Prolonged diplomatic strain in Indo-Canadian relations cast shadow on Khushwant Singh Lit Fest

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Kasauli (Himachal Pradesh), October 15 (IANS) Prolonged diplomatic strain in Indo-Canadian relations has cast its shadow on the 12th edition of the Khushwant Singh Literary Festival with former Research and Analysis Wing (R&AW) chief A.S. Dulat and former Canadian premier Ujjal Dosanjh expressing serious concern at the situation.

Though both of them talked primarily about their books, ‘The Ties That Divide Us’ by Dosanjh and ‘A Life In The Shadows’ by Dulat, discussions in this picturesque hill station of Himachal Pradesh in their sessions digressed to the contextual diplomatic row that India and Canada are undergoing following allegations of a potential link between agents of the Government of India and the killing of Khalistan extremist Hardeep Singh Nijjar in Canada.

Dosanjh, who has been a premier of British Columbia, suggested both the Indian and the Canadian governments should hold talks to diffuse the ongoing crisis in the interest of common people and suggested India relax visa restrictions in view of the festive season.

In conversation with Kim Lalli on the topic, Dosanjh admitted Canadian Prime Minister Justin Trudeau “might have jumped the gun by holding Indian agencies responsible for the killing of Khalistan activist Nijjar” for some reasons but the relations between the countries should not have been so strained.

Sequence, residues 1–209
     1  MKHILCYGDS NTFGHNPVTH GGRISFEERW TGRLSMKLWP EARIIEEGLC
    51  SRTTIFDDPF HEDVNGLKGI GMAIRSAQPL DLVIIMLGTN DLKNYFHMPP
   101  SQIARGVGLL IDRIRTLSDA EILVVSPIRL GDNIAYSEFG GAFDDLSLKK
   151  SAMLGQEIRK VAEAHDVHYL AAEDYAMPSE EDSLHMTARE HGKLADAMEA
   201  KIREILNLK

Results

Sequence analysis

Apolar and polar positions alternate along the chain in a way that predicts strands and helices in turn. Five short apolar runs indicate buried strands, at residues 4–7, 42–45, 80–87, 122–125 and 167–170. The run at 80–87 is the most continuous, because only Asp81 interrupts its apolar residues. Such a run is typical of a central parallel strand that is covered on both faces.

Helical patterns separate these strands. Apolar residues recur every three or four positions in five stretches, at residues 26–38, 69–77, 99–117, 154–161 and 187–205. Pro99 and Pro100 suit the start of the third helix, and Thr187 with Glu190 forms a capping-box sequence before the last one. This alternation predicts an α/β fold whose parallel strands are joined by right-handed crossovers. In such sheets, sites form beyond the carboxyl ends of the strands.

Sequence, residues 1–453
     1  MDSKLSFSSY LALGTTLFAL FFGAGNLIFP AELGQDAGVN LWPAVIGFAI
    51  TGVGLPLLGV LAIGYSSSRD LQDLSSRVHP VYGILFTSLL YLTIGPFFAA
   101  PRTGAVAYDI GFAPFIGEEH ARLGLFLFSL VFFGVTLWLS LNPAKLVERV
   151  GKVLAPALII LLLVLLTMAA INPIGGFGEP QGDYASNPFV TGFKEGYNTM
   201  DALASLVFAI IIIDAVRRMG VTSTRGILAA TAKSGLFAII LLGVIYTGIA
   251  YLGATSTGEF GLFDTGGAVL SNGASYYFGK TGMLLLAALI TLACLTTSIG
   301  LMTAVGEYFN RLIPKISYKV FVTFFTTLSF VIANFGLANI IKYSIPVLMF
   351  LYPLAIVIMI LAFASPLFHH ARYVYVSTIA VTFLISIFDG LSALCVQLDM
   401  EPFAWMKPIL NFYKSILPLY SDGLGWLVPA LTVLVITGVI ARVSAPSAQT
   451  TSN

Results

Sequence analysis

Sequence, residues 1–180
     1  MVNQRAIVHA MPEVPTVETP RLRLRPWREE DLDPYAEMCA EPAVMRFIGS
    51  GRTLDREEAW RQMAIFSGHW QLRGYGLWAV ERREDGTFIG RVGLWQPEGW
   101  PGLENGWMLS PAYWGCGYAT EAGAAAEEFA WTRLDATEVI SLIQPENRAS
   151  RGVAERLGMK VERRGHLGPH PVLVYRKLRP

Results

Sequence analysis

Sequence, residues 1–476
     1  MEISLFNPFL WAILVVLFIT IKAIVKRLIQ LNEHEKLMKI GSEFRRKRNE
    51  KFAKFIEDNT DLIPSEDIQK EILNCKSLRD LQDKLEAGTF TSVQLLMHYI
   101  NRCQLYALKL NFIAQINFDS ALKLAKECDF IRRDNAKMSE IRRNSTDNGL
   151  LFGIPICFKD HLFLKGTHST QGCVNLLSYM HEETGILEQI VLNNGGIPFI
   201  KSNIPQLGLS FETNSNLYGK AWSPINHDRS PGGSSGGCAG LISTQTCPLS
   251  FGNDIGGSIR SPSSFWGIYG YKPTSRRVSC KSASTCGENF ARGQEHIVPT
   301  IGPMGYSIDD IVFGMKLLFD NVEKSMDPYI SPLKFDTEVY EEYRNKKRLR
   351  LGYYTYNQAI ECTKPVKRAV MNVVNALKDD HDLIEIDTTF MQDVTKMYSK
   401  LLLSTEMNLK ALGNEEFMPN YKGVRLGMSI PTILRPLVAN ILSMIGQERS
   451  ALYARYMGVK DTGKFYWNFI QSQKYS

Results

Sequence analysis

Talking about his book, Dosanjh traced his journey from a remote village in Punjab to Canada in his early twenties. He asserted that since he carried both the cultures along he seriously wanted the Indo-Canadian relations to get normal as soon as possible.

Talking about the activities of the Khalistani elements in Canada his stand had always been clear. “If the Khalistanis want to express their mind and ideas, it is fine, but when they resort to violence it needs the strongest condemnation.”

Dosanjh also wanted the Canadian government to ensure that there was no disturbance of peace. Moreover, Canada must control such elements which propagate dismemberment of another friendly democratic country.

“More importantly, the Khalistani elements should come to Punjab in India if they were so bent upon promoting the idea of Khalistan.”

A big majority of Sikhs in Canada, he said, were not in favour of Khalistan. It was just a small section of them, who have gone from Punjab, who were making it an issue.

The Khalistan movement calls for an independent homeland for Sikhs in India. The movement was at its peak in the 1980s in Punjab.

Dulat, on the other hand, strongly denied that the Indian agencies indulge in the kind of activities Trudeau was attributing. He said the Indian agencies don’t have such policies and designs.

But he categorically asserted that Canada should not become a haven for violent terrorists because it would cost it dear in the long run.

The former head of India’s external spy agency R&AW hoped the crisis between India and Canada would end soon. “These are temporary things, I hope the tension will blow over soon,” he added.